Daily Archives: August 16, 2013


Some hours ago, the sky was a solid wall of dark grey. The mind reflecting on the fast decay of Christian values all over the West was only encouraged to abandon itself to gloomy presages of devastation of Christianity in the First World. One – well, perhaps not everyone; but certainly yours truly – was led to dwell on the thoughts of bishops dancing, hopping and rotating like a bunch of old senile idiots whilst Rome burns.

As I write these lines, a glorious blue sky graces this Friday afternoon, and spreads a peculiar magic in the air; the more beautiful, because unexpected. With it, the clouds have gone from my mind. Perhaps I should not pray that there be no devastation and persecution, but that every devastation that cannot be avoided may be – as it unavoidably will be – for the greater glory of God, and every persecution that God sends us may be accompanied by the grace necessary to bear it well, as good Christians and in good spirit.

Perhaps, though, all this will not be necessary. Perhaps the West will react once again, and will recover sanity at last. I often think of how fast and how hard the balloon of “man-made global warming” got smashed to the ground here in Europe, and cannot avoid thinking that the fickle fashions of modern society change with great alacrity. I seem to see here and there some sign of this; you may call it wishful thinking and perhaps it is, but it started little with the “globbal uormin' ” madness, too…

Perhaps it is just this glorious weather… or perhaps the Blessed Virgin smiles on us sinful, but sincere Catholics…

The thought is more beautiful than every Friday afternoon, “surprise blue” sky.



Egypt In Perspective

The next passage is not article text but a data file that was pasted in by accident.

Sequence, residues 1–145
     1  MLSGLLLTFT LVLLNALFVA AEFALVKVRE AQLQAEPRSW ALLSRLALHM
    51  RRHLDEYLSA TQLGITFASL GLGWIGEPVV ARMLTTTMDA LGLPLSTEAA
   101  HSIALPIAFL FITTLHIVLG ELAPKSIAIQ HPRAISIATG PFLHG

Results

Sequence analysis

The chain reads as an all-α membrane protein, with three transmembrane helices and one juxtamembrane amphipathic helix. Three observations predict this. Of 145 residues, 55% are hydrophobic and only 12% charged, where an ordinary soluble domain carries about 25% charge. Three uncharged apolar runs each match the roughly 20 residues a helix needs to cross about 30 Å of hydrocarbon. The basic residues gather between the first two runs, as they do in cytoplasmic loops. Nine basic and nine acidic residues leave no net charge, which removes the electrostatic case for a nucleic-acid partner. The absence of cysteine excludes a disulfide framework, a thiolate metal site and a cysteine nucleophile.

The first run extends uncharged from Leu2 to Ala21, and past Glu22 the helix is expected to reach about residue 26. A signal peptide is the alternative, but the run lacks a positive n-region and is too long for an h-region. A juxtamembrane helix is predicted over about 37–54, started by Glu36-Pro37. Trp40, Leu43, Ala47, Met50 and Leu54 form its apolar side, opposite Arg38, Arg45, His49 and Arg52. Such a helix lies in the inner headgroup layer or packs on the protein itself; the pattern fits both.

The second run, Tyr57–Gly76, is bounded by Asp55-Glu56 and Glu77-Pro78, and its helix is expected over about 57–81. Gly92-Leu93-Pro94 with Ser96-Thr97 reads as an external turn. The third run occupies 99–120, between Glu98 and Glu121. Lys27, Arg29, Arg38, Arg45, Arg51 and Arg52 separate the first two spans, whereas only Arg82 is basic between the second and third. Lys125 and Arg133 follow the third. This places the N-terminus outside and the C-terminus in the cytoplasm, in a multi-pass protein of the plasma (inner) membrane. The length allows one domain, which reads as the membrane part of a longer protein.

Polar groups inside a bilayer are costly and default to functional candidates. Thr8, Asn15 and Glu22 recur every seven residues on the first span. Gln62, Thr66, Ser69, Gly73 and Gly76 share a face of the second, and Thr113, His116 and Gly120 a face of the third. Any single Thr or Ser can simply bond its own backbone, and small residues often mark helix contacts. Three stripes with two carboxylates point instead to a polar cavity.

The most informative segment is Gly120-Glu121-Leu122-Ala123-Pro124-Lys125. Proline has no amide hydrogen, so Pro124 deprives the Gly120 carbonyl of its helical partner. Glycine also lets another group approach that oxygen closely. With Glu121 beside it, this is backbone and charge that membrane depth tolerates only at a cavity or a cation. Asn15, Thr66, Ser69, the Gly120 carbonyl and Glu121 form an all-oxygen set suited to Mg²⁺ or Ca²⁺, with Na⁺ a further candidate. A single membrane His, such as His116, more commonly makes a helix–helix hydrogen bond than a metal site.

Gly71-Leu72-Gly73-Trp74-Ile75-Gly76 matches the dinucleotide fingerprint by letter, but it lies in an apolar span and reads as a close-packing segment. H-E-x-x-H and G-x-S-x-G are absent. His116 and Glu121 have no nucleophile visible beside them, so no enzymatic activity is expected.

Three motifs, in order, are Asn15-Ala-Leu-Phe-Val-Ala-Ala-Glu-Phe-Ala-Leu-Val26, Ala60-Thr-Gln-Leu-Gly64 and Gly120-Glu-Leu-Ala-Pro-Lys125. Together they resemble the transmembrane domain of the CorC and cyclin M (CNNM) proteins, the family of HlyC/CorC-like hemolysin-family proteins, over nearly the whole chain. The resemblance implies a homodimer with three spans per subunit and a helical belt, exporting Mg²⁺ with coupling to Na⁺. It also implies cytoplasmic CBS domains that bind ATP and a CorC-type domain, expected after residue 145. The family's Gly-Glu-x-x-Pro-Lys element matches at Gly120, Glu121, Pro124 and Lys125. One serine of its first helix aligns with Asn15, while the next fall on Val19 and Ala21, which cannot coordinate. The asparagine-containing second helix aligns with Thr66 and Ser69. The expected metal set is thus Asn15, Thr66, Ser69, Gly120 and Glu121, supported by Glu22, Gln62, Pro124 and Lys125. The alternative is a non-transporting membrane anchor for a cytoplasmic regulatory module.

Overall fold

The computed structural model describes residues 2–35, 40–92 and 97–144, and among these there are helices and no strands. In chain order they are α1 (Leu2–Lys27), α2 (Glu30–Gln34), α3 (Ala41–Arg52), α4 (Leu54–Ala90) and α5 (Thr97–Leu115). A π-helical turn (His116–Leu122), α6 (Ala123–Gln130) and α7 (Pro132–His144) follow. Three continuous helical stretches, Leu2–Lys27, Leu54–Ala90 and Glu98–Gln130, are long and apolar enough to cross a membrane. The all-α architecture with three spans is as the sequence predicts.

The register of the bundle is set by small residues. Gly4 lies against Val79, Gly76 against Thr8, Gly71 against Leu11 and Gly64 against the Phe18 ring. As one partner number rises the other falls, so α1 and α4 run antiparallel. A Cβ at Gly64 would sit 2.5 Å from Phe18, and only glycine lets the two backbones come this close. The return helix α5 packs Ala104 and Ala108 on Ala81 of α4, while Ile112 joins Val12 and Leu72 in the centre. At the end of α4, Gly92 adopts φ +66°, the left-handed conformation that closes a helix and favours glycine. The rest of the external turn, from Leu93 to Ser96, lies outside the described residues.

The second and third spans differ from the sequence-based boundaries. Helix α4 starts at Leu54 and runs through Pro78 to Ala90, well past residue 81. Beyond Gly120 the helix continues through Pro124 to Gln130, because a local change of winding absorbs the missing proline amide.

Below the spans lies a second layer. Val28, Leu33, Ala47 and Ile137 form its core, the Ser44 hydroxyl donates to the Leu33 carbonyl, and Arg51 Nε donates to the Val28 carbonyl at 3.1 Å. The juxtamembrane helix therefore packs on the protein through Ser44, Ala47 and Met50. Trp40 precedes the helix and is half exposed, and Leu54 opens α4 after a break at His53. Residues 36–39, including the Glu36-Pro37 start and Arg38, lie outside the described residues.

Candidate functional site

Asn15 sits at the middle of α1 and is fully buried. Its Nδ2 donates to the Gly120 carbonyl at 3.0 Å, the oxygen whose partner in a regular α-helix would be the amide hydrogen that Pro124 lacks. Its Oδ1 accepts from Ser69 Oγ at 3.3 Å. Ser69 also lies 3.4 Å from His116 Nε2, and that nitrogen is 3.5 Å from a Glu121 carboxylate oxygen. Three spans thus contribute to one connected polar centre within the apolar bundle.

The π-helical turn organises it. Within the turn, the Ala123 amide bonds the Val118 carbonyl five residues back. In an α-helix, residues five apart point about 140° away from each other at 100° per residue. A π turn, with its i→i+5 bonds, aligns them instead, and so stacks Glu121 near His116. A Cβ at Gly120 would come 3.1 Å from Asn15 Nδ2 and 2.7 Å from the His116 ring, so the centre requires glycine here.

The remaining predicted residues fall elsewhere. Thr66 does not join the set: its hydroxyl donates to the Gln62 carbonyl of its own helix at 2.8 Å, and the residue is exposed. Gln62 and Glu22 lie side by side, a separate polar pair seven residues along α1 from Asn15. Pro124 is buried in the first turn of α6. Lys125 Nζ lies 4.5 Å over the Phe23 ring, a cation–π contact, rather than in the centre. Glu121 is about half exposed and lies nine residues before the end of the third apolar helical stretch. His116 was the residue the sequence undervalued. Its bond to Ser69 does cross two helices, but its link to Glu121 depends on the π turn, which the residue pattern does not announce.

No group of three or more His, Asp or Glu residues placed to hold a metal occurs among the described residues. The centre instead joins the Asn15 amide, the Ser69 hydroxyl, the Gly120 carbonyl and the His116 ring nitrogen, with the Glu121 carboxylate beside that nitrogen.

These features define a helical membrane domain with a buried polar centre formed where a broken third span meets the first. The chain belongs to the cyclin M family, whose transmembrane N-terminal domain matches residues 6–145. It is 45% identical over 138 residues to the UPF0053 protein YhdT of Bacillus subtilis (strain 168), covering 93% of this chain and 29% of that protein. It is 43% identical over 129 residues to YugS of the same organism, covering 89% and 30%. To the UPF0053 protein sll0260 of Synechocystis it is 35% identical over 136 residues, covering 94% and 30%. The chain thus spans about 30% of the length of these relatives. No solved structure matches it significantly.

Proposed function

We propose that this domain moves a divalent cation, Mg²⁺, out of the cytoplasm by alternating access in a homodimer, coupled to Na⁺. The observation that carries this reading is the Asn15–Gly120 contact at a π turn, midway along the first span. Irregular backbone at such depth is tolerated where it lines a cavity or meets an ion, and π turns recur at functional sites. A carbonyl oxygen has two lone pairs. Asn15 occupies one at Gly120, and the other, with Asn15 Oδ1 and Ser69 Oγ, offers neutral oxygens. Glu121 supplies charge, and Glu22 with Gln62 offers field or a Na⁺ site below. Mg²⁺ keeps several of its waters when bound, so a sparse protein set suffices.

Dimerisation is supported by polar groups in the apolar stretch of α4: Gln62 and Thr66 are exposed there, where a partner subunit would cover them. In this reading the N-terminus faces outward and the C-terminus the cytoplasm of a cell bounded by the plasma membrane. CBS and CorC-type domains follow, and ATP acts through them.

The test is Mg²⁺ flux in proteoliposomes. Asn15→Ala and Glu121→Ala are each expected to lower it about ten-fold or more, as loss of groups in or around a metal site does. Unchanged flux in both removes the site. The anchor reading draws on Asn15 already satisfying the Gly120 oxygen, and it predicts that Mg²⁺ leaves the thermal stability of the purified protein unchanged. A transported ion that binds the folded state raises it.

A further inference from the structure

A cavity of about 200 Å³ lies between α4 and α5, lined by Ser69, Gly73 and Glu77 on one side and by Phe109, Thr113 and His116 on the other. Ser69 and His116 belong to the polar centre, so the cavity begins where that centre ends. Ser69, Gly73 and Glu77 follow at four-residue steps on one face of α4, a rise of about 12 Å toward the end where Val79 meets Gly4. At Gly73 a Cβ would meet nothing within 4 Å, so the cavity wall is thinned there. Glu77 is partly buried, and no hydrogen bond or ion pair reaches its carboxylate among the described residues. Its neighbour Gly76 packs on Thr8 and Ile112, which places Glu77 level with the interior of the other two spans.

Struggle for sanity: Egypt

The outrage about the recent, bloody events in Egypt has already spread everywhere, and from the Gay US President to the similarly spineless European leaders everyone is distributing the usual statements: restraints, peace, love, understanding, and chocolate cookies.

I wish some of those sunday philanthropists would explain to me how they would suggest to deal with people who are violent persecutors of Christians when they are in power, and violent persecutors of Christians when other Muslims oust them from power. “Dialogue” is – as so often – a very stupid word in such circumstances, because you can only dialogue with one ready and willing to do the same. If, however, the “dialogue” is just an excuse to pursue a violent Islamist agenda, than it is far better to allow the tank, the machine gun and the pistol to do the talking. Their language is, I am told, universally understood, particularly because it is a language that could not care less whether the recipient truly understands it.

What we are witnessing in Egypt is the usual modern brainless, media-driven emotionalism by which the real persecutor, and real violent danger, is allowed to present itself as the voice of oppressed justice, or the innocent lamb slaughtered by the evil soldier.

Innocent lamb, my foot. Ask the Christians in Egypt how “just” these people are; ask the moderate, decent Egyptians how “innocent”. Their tale will be much different from the Gay President's.